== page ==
The Cingapura project is a low-cost housing initiative in São Paulo, Brazil. It is designed to try to move the poor population from favelas (shanty towns), where one quarter of people in São Paulo now live, into more permanent structures. These structures are often called 'superblocks'.
They were intended to have a supply of electricity, a good water supply and sewer pipes. On top of this, residential security guards were to be employed to reduce crimes which were and are rife throughout the favelas in Brazil. Much of the work was to be done by the residents of the favelas themselves, the project being dubbed a 'self-help' project. The existing favelas were to be cleared and building materials provided for the builders for free. One of the major difficulties in building on the sites of the favelas was the large slopes on which they are built. This difficult terrain was the only reason the owners of the land did not use it. Levelling the land was very expensive and eventually proved too expensive; only a tenth of the proposed apartments were completed, with the focus being on residents living on marginal land, like floodplains.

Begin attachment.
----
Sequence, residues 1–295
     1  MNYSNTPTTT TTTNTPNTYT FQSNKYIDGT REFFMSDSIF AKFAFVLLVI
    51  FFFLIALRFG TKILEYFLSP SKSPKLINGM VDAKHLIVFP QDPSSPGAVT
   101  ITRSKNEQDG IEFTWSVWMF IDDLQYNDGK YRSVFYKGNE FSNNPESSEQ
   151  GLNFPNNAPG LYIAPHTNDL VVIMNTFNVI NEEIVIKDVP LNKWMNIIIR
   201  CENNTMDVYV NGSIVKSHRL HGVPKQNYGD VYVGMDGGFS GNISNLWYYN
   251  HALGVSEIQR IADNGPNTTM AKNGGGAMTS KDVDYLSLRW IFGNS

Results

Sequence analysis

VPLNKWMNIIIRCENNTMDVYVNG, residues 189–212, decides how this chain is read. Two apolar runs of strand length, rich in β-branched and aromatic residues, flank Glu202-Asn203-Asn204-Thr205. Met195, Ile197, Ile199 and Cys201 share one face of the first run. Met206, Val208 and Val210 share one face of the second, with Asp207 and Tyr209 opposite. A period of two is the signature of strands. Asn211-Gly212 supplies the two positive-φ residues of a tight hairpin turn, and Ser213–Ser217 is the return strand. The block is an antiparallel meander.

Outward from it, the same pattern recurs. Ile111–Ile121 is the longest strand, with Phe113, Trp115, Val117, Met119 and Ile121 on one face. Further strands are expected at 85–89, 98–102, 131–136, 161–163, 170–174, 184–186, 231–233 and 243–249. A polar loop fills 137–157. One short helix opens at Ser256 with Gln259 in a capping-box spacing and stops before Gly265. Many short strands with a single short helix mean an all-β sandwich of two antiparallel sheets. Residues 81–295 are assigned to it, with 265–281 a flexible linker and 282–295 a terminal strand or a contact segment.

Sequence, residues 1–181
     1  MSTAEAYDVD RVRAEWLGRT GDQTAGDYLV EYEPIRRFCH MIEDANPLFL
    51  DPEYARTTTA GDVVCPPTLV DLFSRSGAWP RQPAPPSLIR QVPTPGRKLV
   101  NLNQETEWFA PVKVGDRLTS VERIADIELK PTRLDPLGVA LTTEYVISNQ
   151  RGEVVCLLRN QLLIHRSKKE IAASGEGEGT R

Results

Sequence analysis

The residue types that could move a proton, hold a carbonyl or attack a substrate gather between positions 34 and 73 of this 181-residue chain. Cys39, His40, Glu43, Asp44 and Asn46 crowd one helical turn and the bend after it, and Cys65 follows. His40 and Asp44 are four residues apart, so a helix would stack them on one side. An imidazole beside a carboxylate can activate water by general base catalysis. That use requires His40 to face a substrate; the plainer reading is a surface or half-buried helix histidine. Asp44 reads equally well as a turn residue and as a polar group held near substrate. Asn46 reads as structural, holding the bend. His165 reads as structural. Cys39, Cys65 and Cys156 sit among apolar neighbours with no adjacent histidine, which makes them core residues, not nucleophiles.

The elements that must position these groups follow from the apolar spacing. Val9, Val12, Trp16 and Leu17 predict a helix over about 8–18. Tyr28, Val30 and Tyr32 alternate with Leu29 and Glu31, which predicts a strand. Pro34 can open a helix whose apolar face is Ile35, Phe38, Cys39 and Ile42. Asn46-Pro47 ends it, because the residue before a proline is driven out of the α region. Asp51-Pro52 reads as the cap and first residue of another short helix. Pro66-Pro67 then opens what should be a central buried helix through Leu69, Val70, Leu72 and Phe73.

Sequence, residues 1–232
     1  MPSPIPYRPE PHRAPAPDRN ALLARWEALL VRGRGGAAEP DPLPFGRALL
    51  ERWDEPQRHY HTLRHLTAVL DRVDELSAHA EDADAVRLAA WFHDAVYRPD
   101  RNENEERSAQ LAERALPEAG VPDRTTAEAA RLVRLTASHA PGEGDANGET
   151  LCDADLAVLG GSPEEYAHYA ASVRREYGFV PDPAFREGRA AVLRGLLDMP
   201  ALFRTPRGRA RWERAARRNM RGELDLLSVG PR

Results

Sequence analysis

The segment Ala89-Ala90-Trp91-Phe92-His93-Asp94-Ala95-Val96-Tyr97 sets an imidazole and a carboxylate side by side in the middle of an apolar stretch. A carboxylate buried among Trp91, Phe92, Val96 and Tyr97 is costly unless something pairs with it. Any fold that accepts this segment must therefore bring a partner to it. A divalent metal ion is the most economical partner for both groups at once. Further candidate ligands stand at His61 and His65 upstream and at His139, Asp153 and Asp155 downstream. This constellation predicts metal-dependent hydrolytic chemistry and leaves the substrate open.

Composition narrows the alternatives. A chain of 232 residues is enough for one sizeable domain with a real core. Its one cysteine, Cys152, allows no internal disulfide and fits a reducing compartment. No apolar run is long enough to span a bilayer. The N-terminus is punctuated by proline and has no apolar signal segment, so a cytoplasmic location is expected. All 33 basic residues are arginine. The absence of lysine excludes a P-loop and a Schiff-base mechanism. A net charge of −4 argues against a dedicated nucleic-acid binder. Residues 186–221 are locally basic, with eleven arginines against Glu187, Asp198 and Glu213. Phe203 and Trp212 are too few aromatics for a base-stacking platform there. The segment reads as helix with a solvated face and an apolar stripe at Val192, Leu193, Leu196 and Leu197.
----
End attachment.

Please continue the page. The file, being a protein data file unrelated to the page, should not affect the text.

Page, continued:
Some residents[who?] are not happy with the way the project has developed. Many of the towers were not completed, leaving a skyline of half-finished buildings and empty shacks. Some residents are very frustrated at the way the government have treated them. Many have moved away, or committed suicide. Also, many artisans who could practice their craft in a more free environment could not do so, as the buildings were closely controlled by the owners.
Those that were built were not very successful, as many of the families from the favelas found that the new apartments were too much of a change of environment. They did not like the fact they couldn't extend on their new apartments, and many attempted to bring their livestock into the flats. Only 14,000 of the 140,000 projected apartments were actually built. Recently,[when?] a reported 6,000 apartments are likely to be built.